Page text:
Christine Balza, a mother of four children and a self taught artist, finds her inspiration with the ancient Filipino script, Baybayin. Her paintings, sculptures and informational video share a lost writing system from the indigenous people of the Philippines. Baybayin’s use can be carbon dated to as far as 900C.E. and was last actively used in the 1800’s. In 2009, newspaper articles lead to featured interviews reaching both local and international media attention. She has taught Baybayin in workshops at Immaculate Conception, Sonoma and San Francisco State University and the Asian Art Museum. Exhibitions include, Linen Life Art Gallery, City of Oakland/State of California Craft and Cultural Arts Gallery, National Japanese American Historical Society Peace Gallery and Asian Art Museum. We are honoring Christine Balza with a Joyce award as first Lady of Culture.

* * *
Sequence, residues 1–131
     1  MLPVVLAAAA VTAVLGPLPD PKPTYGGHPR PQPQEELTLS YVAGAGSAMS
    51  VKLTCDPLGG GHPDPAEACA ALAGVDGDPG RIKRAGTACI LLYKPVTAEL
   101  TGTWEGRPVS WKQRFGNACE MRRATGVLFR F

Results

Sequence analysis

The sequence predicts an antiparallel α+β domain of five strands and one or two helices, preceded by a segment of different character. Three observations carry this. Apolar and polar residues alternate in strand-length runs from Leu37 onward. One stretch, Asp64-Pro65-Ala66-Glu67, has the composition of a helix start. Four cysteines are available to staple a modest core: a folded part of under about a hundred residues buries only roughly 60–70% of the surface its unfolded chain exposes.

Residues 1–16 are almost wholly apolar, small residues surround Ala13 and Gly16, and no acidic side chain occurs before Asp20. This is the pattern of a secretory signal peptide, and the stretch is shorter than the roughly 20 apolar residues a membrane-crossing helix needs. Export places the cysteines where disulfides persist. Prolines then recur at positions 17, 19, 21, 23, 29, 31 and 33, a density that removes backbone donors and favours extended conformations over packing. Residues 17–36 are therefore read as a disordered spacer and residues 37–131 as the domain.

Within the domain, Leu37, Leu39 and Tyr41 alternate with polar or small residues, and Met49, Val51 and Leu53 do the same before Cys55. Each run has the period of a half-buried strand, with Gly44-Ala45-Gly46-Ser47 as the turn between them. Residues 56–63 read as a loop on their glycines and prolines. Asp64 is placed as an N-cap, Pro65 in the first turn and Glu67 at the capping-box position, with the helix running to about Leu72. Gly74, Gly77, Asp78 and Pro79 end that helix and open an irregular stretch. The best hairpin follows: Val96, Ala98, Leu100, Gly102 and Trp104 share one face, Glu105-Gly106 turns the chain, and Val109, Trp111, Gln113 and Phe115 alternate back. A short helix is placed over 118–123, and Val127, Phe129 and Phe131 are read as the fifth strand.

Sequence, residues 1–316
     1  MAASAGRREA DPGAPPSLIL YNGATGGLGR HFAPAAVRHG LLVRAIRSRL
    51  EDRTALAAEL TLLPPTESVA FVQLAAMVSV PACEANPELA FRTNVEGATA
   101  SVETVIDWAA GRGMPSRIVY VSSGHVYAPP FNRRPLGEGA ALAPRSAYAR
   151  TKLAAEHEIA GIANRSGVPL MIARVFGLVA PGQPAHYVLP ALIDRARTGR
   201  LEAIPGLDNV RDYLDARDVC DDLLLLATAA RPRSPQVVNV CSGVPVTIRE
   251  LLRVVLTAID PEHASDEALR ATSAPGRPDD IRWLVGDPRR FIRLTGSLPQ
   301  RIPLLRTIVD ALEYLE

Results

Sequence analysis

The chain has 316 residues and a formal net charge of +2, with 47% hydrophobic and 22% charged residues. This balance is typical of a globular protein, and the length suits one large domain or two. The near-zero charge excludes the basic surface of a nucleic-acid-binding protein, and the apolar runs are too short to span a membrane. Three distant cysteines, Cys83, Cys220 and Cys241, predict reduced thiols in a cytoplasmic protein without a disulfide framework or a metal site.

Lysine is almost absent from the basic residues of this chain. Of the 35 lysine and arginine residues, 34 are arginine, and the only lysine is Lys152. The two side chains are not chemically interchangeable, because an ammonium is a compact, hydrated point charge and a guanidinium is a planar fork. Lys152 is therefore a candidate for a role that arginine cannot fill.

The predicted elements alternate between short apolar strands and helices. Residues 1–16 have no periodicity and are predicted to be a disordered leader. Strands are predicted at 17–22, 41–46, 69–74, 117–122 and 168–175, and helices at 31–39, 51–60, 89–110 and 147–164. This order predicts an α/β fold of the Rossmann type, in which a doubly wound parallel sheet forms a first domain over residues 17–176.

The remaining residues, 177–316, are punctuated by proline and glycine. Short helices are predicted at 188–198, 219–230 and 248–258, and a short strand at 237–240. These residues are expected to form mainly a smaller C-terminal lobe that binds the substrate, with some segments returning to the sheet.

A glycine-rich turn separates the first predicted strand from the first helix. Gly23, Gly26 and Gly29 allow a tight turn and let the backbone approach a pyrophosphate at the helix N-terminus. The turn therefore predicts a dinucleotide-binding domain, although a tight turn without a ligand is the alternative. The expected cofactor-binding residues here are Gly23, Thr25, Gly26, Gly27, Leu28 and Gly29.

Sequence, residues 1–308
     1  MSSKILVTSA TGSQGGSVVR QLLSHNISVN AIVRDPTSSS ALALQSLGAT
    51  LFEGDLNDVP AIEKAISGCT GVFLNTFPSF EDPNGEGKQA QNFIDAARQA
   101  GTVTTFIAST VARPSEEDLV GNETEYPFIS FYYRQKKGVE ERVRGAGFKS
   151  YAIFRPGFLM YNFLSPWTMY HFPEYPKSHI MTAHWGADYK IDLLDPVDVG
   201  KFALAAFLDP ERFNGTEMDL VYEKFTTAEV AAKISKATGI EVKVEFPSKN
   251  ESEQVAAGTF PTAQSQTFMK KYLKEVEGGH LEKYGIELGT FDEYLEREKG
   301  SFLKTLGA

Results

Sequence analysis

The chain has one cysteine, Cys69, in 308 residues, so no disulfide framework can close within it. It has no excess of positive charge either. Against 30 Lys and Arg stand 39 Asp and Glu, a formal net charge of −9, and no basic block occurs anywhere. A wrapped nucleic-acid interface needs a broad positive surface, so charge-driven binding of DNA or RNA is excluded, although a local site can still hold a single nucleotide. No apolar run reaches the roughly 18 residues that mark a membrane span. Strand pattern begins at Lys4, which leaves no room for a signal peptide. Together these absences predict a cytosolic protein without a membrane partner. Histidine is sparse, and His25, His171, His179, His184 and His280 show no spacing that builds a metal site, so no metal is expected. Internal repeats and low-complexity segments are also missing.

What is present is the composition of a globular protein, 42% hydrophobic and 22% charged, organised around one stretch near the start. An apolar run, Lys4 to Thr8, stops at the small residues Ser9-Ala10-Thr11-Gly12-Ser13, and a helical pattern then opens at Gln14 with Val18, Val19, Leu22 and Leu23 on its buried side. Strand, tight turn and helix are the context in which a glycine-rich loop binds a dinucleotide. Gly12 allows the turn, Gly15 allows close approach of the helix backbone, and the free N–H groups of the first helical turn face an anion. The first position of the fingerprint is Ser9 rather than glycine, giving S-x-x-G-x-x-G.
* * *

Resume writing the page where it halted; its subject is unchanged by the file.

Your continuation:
L. Frank (nom d'arte of L. Frank Manriquez) is a Tongva- Acjachemen artist, writer, tribal scholar, cartoonist, and indigenous language activist who work is presented by BorderZone Arts in SF. She live and work in California and has won several awards for her activities, including from the American Association of University Women, the James Irvine Foundation, the Fund for Folk Culture (travel to the Native Californian art collection at the Musée de l' Homme in Paris). In 1995 she was featured as a "Local Hero" in KQED-TV/Examiner Newspaper's Native American Heritage Month series. Her artwork has been exhibited in museums and galleries locally, nationally, and internationally. L. Frank serves on the board of The Cultural Conservancy and is a co-founder of Advocates for Indigenous California Language Survival, a non-profit entity founded in 1992 whose goal is to assist California Indian communities and individuals in keeping their language alive and provide development of new speakers. We are honoring L. Frank with a Joyce award as First Lady of Culture.